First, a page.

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Understanding the Threats of CLI Spoofing and Vishing

Tuesday, May 21, 2024 by Melita

Understanding the Threats of CLI Spoofing and Vishing
In our increasingly connected world, telephone communication remains a crucial part of our daily interactions. However, this dependence also opens up opportunities for fraudsters to exploit unsuspecting individuals through tactics such as CLI (Caller Line Identification) spoofing and vishing. Here’s a breakdown of what these terms mean, along with some simple actions you can take.  Being aware and better prepared means you’re less likely to fall victim to these scams.

What is CLI Spoofing?

CLI spoofing occurs when a scammer alters the caller ID to make it appear that the call is coming from a different number – often one that you recognise and trust, such as a local bank, a government agency, or a well-known company. This trick is meant to convince you to answer the phone and trust the caller. The aim is often to persuade you to divulge personal information or financial details under false pretences.

  • Never give out personal information, passwords or financial details over the phone.
  • Genuine companies will not ask for this information over the phone.

What is Vishing?

Vishing involves scammers using fake identities and urgent language to manipulate someone into revealing sensitive information. They might pose as representatives from credible organisations, claiming there’s an urgent issue that requires immediate action, such as a problem with your bank account or a supposed virus on your computer. The ultimate goal is to gain access to your financial accounts or personal data.

  • Always ask yourself if the call is credible. If in doubt, end the call.
  • If you think the call might be credible, end the call then call back to the number you have for the organisation, or is available on their website.
  • Even if the caller says it’s urgent, don’t give out personal information, passwords or financial details over the phone.

Keeping informed about the risks of CLI spoofing and vishing is crucial. By understanding these threats and being aware of the measures in place, you can better protect yourself from becoming a victim of telecommunication fraud. Always remember to verify suspicious calls and report anything you know is a scam.


Protecting you from scammers

From 1st November 2024, we’ll be taking action to help prevent scam calls received from abroad but showing a Maltese number as Caller ID, in line with Malta Communications Authority (MCA) guidelines.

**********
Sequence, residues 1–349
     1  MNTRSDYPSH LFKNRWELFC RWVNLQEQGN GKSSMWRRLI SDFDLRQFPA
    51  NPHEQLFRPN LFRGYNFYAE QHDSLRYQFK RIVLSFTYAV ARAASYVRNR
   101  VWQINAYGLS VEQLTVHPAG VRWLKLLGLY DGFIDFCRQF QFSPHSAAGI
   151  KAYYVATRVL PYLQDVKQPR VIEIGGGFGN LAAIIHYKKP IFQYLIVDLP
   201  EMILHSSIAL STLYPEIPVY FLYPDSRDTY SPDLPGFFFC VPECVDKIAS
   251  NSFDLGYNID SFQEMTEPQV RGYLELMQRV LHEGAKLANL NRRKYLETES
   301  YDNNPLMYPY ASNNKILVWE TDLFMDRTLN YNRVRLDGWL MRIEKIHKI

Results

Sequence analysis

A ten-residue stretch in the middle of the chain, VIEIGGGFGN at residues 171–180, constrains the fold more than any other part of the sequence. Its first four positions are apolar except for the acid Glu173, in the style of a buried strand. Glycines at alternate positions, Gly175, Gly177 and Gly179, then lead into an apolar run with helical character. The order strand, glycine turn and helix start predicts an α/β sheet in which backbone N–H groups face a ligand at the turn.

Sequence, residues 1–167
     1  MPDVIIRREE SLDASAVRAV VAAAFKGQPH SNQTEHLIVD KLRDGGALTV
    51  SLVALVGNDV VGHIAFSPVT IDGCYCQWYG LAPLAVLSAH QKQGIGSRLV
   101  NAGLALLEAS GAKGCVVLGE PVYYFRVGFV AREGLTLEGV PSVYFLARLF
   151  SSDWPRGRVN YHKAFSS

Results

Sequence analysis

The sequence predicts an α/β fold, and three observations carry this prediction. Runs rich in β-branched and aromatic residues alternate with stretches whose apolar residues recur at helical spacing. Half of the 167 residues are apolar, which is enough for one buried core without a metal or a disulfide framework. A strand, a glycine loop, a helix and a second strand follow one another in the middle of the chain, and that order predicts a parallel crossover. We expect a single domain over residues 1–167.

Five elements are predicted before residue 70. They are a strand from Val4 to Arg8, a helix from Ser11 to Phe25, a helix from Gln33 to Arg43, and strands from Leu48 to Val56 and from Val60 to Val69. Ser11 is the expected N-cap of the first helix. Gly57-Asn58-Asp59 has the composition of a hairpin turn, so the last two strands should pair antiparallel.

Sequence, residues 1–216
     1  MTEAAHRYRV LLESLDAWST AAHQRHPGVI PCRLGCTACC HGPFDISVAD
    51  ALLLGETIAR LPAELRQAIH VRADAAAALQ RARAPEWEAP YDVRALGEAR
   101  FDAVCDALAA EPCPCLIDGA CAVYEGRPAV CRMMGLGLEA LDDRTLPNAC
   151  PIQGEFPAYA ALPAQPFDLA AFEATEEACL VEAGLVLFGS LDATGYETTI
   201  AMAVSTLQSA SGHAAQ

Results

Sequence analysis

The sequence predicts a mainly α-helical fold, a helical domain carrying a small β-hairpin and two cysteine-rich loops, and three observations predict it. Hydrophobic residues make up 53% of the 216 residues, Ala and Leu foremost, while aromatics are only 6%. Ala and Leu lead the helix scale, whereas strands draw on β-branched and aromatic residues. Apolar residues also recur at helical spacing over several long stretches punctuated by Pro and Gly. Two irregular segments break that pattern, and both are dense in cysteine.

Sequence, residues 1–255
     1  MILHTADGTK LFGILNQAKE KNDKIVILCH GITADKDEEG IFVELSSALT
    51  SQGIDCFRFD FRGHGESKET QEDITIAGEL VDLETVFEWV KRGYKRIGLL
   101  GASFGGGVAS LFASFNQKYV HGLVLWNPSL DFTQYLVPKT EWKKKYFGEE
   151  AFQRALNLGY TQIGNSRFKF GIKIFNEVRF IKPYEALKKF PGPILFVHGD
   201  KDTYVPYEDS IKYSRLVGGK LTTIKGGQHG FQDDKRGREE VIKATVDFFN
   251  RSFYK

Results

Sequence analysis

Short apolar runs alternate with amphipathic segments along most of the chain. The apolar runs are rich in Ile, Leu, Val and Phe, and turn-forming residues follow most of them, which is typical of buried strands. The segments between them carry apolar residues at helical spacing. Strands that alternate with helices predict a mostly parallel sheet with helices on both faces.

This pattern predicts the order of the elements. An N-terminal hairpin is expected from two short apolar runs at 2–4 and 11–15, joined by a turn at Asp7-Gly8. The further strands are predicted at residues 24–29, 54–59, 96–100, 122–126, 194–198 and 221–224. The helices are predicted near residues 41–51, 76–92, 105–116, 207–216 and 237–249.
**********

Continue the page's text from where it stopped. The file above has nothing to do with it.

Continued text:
These blocks may affect the ability of end-users to receive certain phone calls where the Caller ID is a Maltese number starting with ‘1’, ‘2’, or ‘8’. Whilst calls from mobile numbers (i.e. a Maltese number starting with ‘7’ or ‘9’) will not be impacted, there may be an impact on certain scenarios that involve ‘call forwarding’, or on calls placed by callers making use of overseas telephony providers that are not authorised to provide services in Malta.

Here’s what you need to know:

Call Blocking

We may need to block certain calls to fight scams:

Calls Forwarded to Malta

Calls from Maltese numbers starting with ‘1’, ‘2’, or ‘8’ towards foreign numbers that are then forwarded to a Maltese number.

Calls from Maltese numbers starting with ‘1’, ‘2’, or ‘8’ towards outbound roamers where the calls are late forwarded to a Maltese number. The term ‘outbound roamers’ refers to subscribers assigned Maltese numbers starting with ‘7’ or ‘9’ who are roaming whilst outside Malta (e.g. Maltese tourists abroad).

If you consider that this may have an impact on your experience with forwarded calls, it is advisable to consider using alternative communications arrangements or channels. For instance, the call blocking measure will not have an impact where the calling party number is from the mobile ranges ‘7’ or ‘9’. Reach out to Melita should you need any further assistance.

Calls from Unauthorised Services

Calls from Maltese numbers starting with ‘1’, ‘2’, or ‘8’ made through internet-based or cloud-based services of providers not authorised with the MCA. Use the Check Facility for Authorised Service Providers to verify your exposure to this blocking measure.

Check Facility for Authorised Service

If you use online or cloud-based phone services with a Maltese number starting with ‘1’, ‘2’, or ‘8’, check if your service provider is authorised with the MCA.

  1. Dial (+356) 2400 2400 from this online or cloud-based phone service to check if the corresponding service provider is authorised.
  2. If your service provider is authorised with the MCA you should hear a voice announcement confirming that the phone call was made through an authorised service provider.

If you don’t hear such a voice confirmation, contact your service provider.

The MCA verification service is available from 4 June, 2024. For full details, read the MCA update here